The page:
100 Fine Literary Works from Lorne Bair Rare Books
100 literary arrivals.
Lorne Bair Rare Books has issued a catalogue of One Hundred Recent Arrivals. This is nothing like any Bair catalogue I have encountered before. Lorne Bair generally features political and social works, mostly from well left of center. There is none of that here. The closest item to that sort of commentary comes from Ayn Rand, and she is well to the other side of the spectrum. Bair informs us that they have formed a modern literature department, and have started it with the purchase of a major American collection of 19th and 20th century literature. They are not kidding. The collection contains some 70,000 volumes. If you don't find precisely what you want here, you may want to give them a ring anyway. There are 69,900 more where these came from.
These first 100 are certainly well-known. Bair informs us they seriously considered naming this catalogue 100 Books You've Totally Heard Of, and I like that title better. Instead, for whatever reason, they settled for the “bland understatement.” They describe the selection here as “all key works well-known to collectors of British, American and Continental literature.” That they are, and if you are looking to fill a hole in your collection, you have come to the right place. Here are a few samples.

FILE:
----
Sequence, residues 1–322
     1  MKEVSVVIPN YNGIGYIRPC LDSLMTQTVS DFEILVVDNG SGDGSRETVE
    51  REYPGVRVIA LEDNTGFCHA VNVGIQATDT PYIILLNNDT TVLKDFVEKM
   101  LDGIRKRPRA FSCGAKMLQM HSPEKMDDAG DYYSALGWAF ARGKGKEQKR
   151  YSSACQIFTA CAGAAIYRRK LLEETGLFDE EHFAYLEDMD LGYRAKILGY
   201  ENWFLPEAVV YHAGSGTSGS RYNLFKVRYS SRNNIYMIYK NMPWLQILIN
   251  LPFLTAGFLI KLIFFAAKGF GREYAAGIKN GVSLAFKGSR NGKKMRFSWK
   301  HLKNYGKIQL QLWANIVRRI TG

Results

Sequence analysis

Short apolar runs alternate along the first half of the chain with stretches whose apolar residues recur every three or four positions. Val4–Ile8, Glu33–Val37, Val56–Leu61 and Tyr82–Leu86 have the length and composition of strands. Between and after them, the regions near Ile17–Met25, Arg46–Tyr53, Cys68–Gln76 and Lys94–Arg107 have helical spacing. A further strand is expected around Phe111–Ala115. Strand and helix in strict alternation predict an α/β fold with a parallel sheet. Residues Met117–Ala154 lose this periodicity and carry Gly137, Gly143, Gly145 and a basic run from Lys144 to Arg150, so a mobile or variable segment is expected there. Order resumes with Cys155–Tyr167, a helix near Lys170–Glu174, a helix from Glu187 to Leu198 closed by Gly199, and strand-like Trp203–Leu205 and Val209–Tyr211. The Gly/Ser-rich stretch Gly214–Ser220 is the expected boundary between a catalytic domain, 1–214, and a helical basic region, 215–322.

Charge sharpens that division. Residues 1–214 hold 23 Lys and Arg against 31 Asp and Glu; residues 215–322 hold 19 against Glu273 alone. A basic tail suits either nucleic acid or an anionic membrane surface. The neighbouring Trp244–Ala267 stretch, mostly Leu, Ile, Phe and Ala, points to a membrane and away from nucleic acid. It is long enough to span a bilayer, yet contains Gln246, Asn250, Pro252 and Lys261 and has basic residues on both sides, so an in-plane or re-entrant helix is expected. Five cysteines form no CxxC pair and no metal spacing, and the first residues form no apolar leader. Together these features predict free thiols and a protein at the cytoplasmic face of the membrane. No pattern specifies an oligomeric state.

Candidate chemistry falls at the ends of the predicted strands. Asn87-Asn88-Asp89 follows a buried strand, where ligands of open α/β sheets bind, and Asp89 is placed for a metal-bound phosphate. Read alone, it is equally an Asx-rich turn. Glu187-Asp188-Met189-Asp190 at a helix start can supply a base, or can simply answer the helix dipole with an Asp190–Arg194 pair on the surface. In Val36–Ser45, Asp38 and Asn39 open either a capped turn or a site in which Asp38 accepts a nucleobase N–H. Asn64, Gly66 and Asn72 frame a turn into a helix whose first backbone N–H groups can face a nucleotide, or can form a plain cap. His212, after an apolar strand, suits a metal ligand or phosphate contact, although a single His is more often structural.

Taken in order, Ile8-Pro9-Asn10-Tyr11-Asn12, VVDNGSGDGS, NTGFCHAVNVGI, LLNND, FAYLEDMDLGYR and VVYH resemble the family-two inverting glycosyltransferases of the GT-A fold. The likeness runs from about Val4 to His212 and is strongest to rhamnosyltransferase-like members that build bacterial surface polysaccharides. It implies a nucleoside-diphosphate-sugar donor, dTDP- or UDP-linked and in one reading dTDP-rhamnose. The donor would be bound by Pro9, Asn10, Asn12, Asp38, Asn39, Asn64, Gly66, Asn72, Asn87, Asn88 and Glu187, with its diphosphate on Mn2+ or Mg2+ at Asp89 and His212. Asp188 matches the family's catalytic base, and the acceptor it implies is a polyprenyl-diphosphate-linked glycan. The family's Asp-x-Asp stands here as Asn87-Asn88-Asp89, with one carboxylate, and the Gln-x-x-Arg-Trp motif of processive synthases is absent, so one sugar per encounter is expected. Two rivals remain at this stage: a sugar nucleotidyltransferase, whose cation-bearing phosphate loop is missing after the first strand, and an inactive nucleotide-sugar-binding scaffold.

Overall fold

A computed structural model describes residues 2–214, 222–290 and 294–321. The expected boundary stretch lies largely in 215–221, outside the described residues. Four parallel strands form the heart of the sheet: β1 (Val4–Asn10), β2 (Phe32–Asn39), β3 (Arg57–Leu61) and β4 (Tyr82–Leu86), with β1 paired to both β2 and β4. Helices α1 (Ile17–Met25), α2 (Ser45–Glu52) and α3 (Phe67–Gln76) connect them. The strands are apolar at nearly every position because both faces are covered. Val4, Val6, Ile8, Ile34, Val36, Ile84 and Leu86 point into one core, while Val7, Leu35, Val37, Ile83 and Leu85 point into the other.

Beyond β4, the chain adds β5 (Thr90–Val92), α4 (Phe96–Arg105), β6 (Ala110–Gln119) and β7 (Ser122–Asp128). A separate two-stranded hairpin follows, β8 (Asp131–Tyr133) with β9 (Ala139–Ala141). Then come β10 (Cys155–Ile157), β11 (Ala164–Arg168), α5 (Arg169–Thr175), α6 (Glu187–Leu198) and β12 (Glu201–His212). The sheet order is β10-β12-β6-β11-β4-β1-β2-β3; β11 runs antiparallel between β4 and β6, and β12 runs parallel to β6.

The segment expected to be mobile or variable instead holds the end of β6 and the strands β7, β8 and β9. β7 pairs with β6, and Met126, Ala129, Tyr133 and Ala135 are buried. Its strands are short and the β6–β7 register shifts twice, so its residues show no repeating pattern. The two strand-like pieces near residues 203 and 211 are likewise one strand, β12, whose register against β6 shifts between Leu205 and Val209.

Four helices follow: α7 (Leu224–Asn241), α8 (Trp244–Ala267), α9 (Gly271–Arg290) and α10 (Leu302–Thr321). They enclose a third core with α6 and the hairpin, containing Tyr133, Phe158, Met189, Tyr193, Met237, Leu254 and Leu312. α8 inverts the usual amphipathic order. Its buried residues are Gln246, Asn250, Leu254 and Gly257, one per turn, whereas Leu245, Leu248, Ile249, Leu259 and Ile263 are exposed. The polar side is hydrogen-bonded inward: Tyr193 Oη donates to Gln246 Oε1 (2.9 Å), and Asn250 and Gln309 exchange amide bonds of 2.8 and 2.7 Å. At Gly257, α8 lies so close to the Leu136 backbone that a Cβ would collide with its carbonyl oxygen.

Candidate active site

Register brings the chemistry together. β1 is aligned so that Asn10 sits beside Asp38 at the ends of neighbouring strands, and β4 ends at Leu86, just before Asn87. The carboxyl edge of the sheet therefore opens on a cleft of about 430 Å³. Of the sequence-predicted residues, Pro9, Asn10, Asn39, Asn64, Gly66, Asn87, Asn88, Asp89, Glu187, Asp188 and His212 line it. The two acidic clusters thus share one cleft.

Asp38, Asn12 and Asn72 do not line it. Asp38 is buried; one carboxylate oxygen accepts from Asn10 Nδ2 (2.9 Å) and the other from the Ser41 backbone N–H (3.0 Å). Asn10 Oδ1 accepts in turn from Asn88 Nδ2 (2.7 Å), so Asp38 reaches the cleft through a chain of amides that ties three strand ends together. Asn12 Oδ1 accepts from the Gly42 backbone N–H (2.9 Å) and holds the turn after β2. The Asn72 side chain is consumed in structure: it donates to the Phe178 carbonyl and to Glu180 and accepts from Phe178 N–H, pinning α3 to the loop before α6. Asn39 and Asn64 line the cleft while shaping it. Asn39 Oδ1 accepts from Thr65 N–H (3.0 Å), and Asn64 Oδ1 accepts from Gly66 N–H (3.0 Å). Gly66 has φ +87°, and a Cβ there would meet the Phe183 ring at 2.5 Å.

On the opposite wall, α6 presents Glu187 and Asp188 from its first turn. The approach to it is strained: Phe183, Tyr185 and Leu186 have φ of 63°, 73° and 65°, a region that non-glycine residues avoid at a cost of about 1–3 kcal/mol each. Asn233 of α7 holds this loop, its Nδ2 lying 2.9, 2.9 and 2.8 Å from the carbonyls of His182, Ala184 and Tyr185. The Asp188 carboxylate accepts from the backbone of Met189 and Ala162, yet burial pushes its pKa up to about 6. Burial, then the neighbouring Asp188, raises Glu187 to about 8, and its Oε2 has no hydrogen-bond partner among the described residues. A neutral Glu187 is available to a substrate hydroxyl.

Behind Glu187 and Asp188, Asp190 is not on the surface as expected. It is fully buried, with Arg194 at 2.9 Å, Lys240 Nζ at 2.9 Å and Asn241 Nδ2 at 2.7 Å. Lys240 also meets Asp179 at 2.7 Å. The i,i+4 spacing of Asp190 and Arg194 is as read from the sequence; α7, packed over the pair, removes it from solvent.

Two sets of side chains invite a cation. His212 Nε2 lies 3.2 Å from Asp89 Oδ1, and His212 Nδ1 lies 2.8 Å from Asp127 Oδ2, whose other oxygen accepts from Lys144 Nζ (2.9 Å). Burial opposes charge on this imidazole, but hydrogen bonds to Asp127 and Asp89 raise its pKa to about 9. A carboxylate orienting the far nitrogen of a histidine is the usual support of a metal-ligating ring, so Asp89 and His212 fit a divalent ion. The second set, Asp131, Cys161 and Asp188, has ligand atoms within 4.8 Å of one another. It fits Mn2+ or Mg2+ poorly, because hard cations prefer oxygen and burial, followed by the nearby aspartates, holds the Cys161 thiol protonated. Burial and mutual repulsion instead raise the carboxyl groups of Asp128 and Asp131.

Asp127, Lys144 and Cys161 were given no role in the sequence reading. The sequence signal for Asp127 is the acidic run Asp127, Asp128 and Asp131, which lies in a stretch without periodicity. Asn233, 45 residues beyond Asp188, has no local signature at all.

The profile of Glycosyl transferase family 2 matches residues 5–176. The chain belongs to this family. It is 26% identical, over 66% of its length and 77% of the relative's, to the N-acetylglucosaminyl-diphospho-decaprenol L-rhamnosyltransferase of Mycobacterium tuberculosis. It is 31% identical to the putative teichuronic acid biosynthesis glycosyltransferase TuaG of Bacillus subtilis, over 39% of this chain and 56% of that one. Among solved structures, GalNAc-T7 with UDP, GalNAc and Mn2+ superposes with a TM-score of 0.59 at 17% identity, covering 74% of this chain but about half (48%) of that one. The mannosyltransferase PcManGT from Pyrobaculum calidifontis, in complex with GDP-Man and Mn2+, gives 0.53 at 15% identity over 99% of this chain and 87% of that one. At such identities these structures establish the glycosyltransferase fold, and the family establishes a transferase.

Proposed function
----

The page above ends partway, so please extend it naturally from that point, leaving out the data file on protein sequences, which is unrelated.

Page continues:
This is not the best known of Ernest Hemingway's books, though it is still highly collectible. Naturally, no Hemingway collection can be complete without it, but in a sense, no Hemingway collection can even begin without it. Item 38 is Papa's first book, Three Stories & Ten Poems, published in 1923. It is not easy to come by, there only having been 300 copies printed. Hemingway was living in Paris at the time, serving as an overseas newspaper correspondent and writing short stories. The novels were yet to come. During this period, he would meet many of the notable expatriate writers living in Paris, and it would be the start of one of the 20th century's most notable literary careers. Priced at $47,500.
Has he arrived yet? Evidently not. According to item 5, we are still Waiting For Godot. Is he coming? Who is he? Does he even exist? Does anyone really know what this play is about? Maybe Samuel Beckett does, since he wrote it, but I'm not even sure of that. It has been 61 years since this play was first published, and 59 years since this first edition of Beckett's own translation of this work was published, and we are still arguing over what it means. $3,750.
Item 46 is one of the few books in here written by someone not best known for his writing. It is a copy of Where Do We Go from Here: Chaos or Community? Published in 1967, it was written by Martin Luther King. It called for all people, regardless of race or party affiliation, to work together to fight for social justice and end poverty. It was the last of King's books published during his lifetime. This is a special copy. It is inscribed “To Aunt Woodie and Uncle Jerry For whom I have great Love and Respect and whose loyal support I cherish very deeply M.L.” Woodie King Brown was the sister of King's father. She lived in Detroit (until 1992 when she died at age 95). The inscription reflects King's feelings toward her. The use of the initials “M.L.” without the “K” was only used with close family. $9,500.